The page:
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Thoughts From A “Fat Girl”

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By now, most of the Internet has seen the clip from the “So Did the Fat Lady” episode of Louis C.K.’s sitcom “Louie,” in which Vanessa (played by Sarah Baker) talks about what being fat means in terms of her love life. It would have been really easy for this to go down a self-pitying road, but it doesn’t. Vanessa isn’t disappointed that she’s fat; instead, she thinks it sucks that society deems her as “less than” or “not good enough,” simply because of how she looks.

Most of the columns we’ve seen online about this clip have been overwhelmingly positive about the raw honesty of Vanessa’s statement. However, we’ve found that the most interesting commentary on the topic, surprisingly, is in the comments sections of these columns. We all know the comments sections on websites are generally full of ignorant idiots who spout off anonymous insults and hide behind their keyboards in their mothers’ basements (except for those on PGP, of course). While there were the expected “she should lose weight” remarks, we noticed more of the comments were from men who spoke out about how societal pressure bullies them out of being attracted to someone who they are initially attracted to–in this case, plus size women. One of most profound comments we read followed a Jezebel column on the topic. The commenter, a man, said, “Louie hit this one on the head. I’ve dated a lot of heavier girls and I’ve definitely felt the judgement from other men. The problem isn’t that men don’t like big girls; it’s that men don’t like the way other men look at them when they’re with big girls.”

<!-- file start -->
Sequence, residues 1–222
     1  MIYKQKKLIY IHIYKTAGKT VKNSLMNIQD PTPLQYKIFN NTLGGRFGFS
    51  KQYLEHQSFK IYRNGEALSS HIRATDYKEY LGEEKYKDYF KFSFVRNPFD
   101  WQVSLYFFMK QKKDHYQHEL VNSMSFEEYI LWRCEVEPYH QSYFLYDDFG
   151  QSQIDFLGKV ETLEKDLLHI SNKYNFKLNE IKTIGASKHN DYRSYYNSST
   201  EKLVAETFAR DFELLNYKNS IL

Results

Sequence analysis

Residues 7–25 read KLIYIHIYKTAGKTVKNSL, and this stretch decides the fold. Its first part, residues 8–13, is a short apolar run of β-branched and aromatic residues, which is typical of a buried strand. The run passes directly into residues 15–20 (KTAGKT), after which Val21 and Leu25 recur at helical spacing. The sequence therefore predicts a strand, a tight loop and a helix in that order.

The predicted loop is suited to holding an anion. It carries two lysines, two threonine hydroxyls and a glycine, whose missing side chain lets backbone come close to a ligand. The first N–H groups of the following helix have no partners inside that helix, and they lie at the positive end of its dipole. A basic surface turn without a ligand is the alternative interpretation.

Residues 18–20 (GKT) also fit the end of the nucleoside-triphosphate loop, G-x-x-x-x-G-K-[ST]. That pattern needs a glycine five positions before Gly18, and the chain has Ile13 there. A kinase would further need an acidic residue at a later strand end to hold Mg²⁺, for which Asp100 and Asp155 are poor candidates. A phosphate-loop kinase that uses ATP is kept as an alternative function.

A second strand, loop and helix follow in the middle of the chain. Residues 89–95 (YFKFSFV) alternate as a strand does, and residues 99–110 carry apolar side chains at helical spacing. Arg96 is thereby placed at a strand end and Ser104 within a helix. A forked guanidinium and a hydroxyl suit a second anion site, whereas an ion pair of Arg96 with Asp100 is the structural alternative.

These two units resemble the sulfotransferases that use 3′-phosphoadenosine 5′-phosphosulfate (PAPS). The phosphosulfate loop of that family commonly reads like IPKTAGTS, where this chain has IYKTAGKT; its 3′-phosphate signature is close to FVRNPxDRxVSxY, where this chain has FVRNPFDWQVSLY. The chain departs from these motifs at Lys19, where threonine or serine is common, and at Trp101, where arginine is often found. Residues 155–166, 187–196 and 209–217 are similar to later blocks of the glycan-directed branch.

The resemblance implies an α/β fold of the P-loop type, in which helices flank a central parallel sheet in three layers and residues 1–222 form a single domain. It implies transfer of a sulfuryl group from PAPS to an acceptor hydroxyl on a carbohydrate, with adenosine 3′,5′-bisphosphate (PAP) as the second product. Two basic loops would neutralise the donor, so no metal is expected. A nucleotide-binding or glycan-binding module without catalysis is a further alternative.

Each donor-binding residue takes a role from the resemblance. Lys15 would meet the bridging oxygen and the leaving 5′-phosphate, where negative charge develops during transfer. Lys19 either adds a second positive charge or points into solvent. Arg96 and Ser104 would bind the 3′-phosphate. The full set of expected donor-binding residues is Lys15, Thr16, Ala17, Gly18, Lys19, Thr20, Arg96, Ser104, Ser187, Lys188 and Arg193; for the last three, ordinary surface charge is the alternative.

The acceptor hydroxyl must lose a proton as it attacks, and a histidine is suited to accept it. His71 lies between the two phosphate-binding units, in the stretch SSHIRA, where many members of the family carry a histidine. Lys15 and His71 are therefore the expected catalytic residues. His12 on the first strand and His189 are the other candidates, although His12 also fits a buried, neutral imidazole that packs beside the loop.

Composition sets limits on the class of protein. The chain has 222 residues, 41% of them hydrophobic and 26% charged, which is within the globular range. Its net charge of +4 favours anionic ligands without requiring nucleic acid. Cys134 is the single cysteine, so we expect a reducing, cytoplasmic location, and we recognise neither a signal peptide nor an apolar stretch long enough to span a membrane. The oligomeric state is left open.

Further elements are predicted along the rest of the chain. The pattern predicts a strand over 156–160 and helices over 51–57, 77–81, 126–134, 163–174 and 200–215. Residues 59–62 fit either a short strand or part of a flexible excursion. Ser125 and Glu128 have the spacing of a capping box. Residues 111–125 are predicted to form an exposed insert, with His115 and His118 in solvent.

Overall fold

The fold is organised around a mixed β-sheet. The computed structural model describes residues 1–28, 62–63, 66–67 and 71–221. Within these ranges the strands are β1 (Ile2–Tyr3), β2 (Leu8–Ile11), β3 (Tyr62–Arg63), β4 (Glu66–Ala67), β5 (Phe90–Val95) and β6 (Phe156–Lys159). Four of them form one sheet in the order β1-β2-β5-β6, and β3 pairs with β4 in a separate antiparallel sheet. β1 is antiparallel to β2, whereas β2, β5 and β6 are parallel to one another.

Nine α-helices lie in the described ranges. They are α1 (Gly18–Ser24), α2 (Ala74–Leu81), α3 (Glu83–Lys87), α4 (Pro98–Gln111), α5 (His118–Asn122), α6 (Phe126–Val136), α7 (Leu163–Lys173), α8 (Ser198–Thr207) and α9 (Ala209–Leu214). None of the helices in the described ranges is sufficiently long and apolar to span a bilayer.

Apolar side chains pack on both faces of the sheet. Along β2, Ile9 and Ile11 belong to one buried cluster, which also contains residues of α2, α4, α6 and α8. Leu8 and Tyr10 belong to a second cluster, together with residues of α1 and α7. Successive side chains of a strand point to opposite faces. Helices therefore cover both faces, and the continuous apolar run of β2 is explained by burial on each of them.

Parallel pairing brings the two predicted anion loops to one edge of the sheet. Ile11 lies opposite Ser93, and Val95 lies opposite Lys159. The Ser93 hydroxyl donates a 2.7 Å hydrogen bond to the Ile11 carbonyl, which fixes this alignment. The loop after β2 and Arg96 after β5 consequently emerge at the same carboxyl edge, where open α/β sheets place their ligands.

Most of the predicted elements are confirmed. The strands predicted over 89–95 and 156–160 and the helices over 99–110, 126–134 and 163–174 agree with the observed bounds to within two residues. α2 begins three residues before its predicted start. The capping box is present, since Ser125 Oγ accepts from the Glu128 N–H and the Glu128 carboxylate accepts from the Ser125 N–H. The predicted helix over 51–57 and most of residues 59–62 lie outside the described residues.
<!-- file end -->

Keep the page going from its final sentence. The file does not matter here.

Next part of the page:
So that’s what it comes down to, huh? We, as people (because girls are just as guilty of this as guys) are so insecure that not only do we care what people think about how we ourselves look, but we care about what people think of how the person we’re with looks? So much so that we would choose to pass over someone great who we’re attracted to, just because we’re worried about what other people might say? Doesn’t that strike anyone else as sad? More importantly, doesn’t it make you angry?

As you can tell from our profile, we are two women who write together. What you can’t tell from our profile picture (yes, it’s a fake–pretend to be shocked) is that one of us is a soon-to-be former fat girl. (Sixty pounds down, 50 to go!) We can add a personal story to this topic:

A few months ago, I started talking to this guy. He was nice looking, funny, and attentive. As a plus size girl, one of your immediate concerns when you meet a guy is, “Is he going to be okay with how I look?” because if you’re honest with yourself, a lot of guys aren’t, whether it be for their own preferences or because they’re afraid of what their friends will say when they show up at the bar with a girl who’s not a size two. I was comforted when two things happened. First, in the course of stalking his social media (oh shut up, we all do it) I found that he followed a few Twitter feeds dedicated to the beauty of plus size women. “Okay,” I thought. “Maybe I’m what he’s into.” Second, he told me that he, at one point, was 50 pounds overweight and had to work at maintaining his current weight. “Great! He gets it, so let’s see where this goes,” I said to myself.